By Theodore Shoebat
A Muslim man in Pakistan kidnapped a Christian girl and made her into his sex slave. She managed to escape but the police have forced her back into sex slavery. As we read in one report:
A Pakistani Christian mother who was kidnapped and forced into an Islamic marriage with her Muslim landlord and then escaped months later has been returned to her abductor by her own family in hopes that it will spare the rest of the family from extreme persecution and arrest.
As The Christian Post previously reported, Fouzia Sadiq, a 30-year-old mother of three whose entire family works as bonded laborers in Pattoki, was abducted last July by her Muslim landlord named Muhammed Nazir.
Although Fouzia’s brother, Paris, went looking for her at Nazir’s house, he was told that Fouzia had entered into a marriage with Nazir and that she was now his property.
After months of Fouzia being held captive by Nazir, the family devised a plan to help Fouzia escape. And in February, Fouzia fled from the clutches of her abductor.
After Fouzia escaped, Nazir responded by filing a police report accusing Fouzia of stealing jewelry. On the day of Fauzia’s escape, police officers went to her family’s home at a time when only her elderly father was there and threatened to arrest a member of the family if Fouzia was not returned to Nazir.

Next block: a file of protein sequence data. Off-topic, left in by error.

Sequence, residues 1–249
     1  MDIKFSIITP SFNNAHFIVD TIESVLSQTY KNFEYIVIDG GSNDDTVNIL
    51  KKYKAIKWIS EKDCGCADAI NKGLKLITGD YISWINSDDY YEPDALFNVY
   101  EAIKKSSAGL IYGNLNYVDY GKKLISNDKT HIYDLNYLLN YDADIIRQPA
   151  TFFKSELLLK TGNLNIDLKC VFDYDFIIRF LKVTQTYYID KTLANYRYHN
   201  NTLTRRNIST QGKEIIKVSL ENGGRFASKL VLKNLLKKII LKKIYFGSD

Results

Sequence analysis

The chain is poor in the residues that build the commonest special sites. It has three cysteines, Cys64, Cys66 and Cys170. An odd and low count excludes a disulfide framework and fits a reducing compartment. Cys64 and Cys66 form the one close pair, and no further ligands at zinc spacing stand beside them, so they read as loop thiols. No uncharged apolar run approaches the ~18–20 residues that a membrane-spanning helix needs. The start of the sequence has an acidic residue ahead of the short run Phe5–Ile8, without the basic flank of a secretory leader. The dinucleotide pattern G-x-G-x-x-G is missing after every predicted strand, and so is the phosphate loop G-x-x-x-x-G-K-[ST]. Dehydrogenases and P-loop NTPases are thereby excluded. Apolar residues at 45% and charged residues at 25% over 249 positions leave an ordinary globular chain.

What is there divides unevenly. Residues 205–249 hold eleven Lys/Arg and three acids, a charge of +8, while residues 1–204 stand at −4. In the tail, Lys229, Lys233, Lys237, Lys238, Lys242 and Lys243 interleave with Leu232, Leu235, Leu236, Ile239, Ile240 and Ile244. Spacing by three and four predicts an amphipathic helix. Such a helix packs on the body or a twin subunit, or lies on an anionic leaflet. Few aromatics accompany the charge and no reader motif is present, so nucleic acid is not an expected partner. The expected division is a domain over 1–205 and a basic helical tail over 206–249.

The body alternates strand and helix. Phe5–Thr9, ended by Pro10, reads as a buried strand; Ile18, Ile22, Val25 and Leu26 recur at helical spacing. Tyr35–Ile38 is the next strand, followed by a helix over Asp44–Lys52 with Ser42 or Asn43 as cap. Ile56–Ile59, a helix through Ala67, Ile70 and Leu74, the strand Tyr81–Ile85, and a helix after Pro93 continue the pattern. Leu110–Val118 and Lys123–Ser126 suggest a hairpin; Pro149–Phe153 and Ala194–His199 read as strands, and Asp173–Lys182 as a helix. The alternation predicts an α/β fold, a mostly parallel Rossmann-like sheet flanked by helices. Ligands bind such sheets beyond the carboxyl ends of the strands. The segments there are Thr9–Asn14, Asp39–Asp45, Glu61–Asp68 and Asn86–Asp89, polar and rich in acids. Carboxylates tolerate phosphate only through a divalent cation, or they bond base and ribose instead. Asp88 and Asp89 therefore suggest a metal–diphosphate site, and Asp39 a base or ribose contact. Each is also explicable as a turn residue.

At the time, the humanitarian organization British Pakistani Christian Association stated that if the police had caught Fouzia’s brother, he likely would have been tortured or killed. And If the police had caught Fouzia’s younger sister, she likely would have been taken to Nazir as consolation.
The BPCA offered to house Fouzia, her brother and sister in a safehouse inside Pakistan and even filed inquiries with the British Embassy and the United Nations High Commissioner for Refugees requesting asylum for Fouzia, her brother and sister.
Unfortunately, the British High Commission in Pakistan replied saying that asylum could not be offered because protocol doesn’t allow for consideration of asylum applications lodged abroad. Additionally, the U.N. High Commission for Refugees did not respond to the BPCA inquiry.
As BPCA was not able to procure rental property inside Pakistan fast enough and asked the family to stay with another persecuted Christian family in a house inside Pakistan, the family decided it would be in the best interest of the entire family to return Fouzia to Nazir so that Paris and other members of the family don’t face severe persecution or arrest.
“This family has gone through a torturous decision making process,” BPCA President Wilson Chowdhry told CP in an email Monday.
“They have not wanted to deliver their daughter back but the threats on their family were so extreme, including potential blasphemy law allegations and kidnap charges against Paris the brother of Fouzia, that they felt there was no other way out,” Chowdhry said. “This was an extremely low point for the BPCA and despite our remonstrations they went ahead with this plan of action completely sapped of any morale. We offered a home and much more support but the family chose to stay with an uncle rather than inconvenience the family whose home we were asking them share, whilst we sourced a more permanent safe house.”